Clock Ticks For Albania to Pass EU Reforms

Balkan Insight
Fecha de publicación: 
27 Mayo 2016

The deadline for Albania to complete judicial reforms needed to open European Union accession negotiations is close to expiring, with only one month left before the constitutional changes required for the reform can pass through parliament.

June is last month when parliament - before the recess in July - can vote to pass the amendments that require 93 out of 140 MPs to vote and so open the way for EU bodies to assess Albania's request to open membership negotiation.

However, the political situation remains in deadlock.

Although a cross-party "ad hoc" parliamentary commission in mid-May started to pass the first amendment on changes regarding the Prosecution, Constitutional and District courts, the consensus broke down on May 18, when the main opposition Democratic Party presented a new draft to the commission.

This seeks the scrapping of four of the 11 planned new justice institutions that are projected in the reform, under the argument that the structure of the justice system needs to be simpler.

This sudden twist in the negotiation process was condemned by the ruling Socialist Party, which called the proposed changes a move to derail the reform.

On Wednesday, the Prime Minister and Socialist leader Edi Rama on Top Channel TV complained of "a big lack of responsibility in bringing in a new draft after we worked on one for a year that has also been confirmed by the Venice Commission.

"I don't mind begging the Democratic Party not to undermine this process and lock Albania in a grey zone that can turn into a black hole in the [EU] integration process," Rama said. 

Passage of the reform is considered crucial for Albania's path to the EU, and has the potential to block the whole process for at least three years.

This is the opinion of EU representatives, reportedly said behind closed doors, as the head of EU delegation in Tirana, Romana Vlahutin, warned on May 5 that: "If this momentum is lost, this country will lose not only one but several years [in the integration process]".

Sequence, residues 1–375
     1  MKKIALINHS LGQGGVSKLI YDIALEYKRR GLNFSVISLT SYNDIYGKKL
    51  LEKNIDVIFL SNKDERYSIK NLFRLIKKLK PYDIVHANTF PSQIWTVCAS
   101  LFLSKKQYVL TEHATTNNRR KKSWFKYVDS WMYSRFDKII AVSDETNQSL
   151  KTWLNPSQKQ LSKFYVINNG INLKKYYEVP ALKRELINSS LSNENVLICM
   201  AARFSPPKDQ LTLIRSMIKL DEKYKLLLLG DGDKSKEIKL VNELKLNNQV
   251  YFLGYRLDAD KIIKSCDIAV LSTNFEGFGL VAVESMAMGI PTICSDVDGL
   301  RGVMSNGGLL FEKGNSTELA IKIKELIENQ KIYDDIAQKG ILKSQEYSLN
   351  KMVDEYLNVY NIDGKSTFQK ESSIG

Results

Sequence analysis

On Thursday, Vlahutin urged Albania's parliament to adopt the reform without losing any more time, "not only because it as an integration mechanism but also because Albanian citizens ask for it".

Gledis Gjipali, director of the European Movement in Albania, told BIRN that the risk of delaying accession negotiations for years because of the lack of the reform is real.

"In a positive scenario [if Albania adopts the reforms on time], the European Commission can give a recommendation up to the end of this year, and the EU Council could give the Commission a mandate to open the negotiations.

"Later, after another positive report, a date to open negotiations can be appointed. So, up to a year-and-a-half are even needed in a positive scenario," he said.

Gjipali warns that if Albania misses the June deadline, it will be difficult to continue the judicial reforms because in spring 2017 the campaign for the next general elections will start.

"We will then have to wait for the end of 2017 or the beginning of 2018 to pass the judicial reform. This mean that if we will got a positive recommendation in 2018, we would have to wait for at least another year until the date for opening the negotiations is set," he argued.

Gjipali notes that key EU member states like Germany and France will also have general elections in 2017 - at a time when the forces against EU enlargement are becoming stronger.

Fatjona Mejdini